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Sunday, March 3, 2024

Did White House Spox Just Hint That Hunter Was Trying to Deal Dime Bag?

'I don't have a response to that because we have to be careful about the Hatch Act...'

(Ben Sellers, Headline USA) While attempting to deflect a question on the growing Cocaine-gate scandal, a White House spokesperson may inadvertently have acknowledged that a member of the Biden family—presumably the president’s son, Hunter—was intending to deal the recently discovered dime bag.

Deputy press secretary Andrew Bates suggested that he was unable to address a question about the scandal because doing so would be a potential conflict of interests.

“I don’t have a response to that because we have to be careful about the Hatch Act,” he said.

The act prevents many civil-service officials in the Executive Branch, with the exception of the president and vice president, from engaging in partisan political activity.

However, it also has been construed, in some cases, as preventing them from issuing commercial endorsements where conflicts of interest may be involved.

In 2020, for example, leftist media outlets accused Ivanka Trump—the daughter of former President Donald Trump, then acting as an adviser to the president—of violating the act for posing on Twitter with a can of delicious Goya beans.

“It would be hard for Ivanka Trump to argue that her post was in a personal capacity now,” said Jordan Libowitz, communications director for the far-left activist group Citizens for Responsibility and Ethics in Washington, in a statement following the Goya episode, according to CNN.

“As for President Trump, unlike those who work for him, the President is exempted from many of the laws and rules we count on to enforce ethics in government,” Libowitz groused. “This administration has proved that to be a mistake.”

While the Left may still be stewing over the previous president, President Joe Biden’s administration has proven to be far more ethically challenged, despite his pledge to restore “decency” to the White House.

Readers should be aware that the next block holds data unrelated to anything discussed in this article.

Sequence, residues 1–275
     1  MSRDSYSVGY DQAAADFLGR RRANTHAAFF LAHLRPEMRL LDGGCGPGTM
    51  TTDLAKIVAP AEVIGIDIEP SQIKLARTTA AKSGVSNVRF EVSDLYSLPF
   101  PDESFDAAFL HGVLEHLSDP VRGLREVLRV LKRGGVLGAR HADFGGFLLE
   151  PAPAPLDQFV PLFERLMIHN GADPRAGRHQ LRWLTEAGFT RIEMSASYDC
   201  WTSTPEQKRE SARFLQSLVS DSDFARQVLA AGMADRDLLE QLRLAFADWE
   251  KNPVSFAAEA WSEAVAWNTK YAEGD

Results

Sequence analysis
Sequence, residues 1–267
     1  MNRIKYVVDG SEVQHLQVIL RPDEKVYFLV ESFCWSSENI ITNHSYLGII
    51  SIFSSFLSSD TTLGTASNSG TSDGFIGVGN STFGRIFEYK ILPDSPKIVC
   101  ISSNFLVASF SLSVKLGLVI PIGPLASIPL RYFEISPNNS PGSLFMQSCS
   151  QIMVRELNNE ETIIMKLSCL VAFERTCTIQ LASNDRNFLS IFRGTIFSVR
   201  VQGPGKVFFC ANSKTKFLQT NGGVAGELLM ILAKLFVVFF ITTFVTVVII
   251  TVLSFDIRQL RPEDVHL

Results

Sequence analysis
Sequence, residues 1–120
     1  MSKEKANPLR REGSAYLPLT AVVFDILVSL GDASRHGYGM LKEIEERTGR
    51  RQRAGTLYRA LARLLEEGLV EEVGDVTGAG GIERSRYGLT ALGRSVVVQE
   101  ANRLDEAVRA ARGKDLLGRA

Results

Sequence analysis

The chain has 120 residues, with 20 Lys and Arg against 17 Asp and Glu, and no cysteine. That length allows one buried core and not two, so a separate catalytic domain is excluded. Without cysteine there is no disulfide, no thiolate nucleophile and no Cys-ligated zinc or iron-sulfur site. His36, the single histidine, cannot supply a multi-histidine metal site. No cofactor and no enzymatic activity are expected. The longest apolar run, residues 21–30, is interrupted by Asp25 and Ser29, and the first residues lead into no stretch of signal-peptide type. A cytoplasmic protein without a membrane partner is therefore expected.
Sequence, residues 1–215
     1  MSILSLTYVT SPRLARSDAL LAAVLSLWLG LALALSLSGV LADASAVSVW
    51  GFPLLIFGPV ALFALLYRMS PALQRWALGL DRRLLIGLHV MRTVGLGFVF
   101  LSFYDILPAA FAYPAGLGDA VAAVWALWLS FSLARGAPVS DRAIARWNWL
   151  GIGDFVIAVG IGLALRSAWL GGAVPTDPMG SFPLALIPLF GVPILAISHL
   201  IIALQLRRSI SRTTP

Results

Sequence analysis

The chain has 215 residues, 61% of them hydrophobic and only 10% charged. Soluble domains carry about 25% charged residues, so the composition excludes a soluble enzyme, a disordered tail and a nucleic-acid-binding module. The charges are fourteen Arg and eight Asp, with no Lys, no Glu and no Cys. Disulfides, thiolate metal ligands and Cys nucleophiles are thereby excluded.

Even so, Twitter users were perplexed as to what conflict of interest Bates might have been referring to with respect to the cocaine reportedly found over the weekend in the West Wing.

If, in fact, the cocaine in question were part of a commercial enterprise, Hunter Biden would be the most likely culprit—as, indeed, he already is based on process of elimination, given his long and troubled history of drug abuse.

While it is unclear whether the 53-year-old has sold drugs before, it would not be far outside of his skill set, which includes influence-peddling and art sales, both involving equally nebulous financial transactions.

As for Bates’s endorsement of the business, that may not be of great concern in his current position. A violation of the Hatch Act might, in fact, be a means of career advancement.

Current press secretary Karine Jean–Pierre and her predecessor, Jen Psaki, both stand accused of egregious breaches of the act during their respective tenures at the podium. However, neither has been held accountable, to date, for their ethical lapses.

Other Biden officials alleged to have violated it with impunity include former chief of staff Ron Klain, Health and Human Services Secretary Xavier Becerra, and Housing and Urban Development Secretary Marcia Fudge.

“The Hatch Act was a law used to pillory previous administrations but officials now appear content to sweep it under the rug,” said Michael Chamberlain, a former Trump official who now works for the watchdog group Protect the Public’s Trust.

Ben Sellers is the editor of Headline USA. Follow him at twitter.com/realbensellers.

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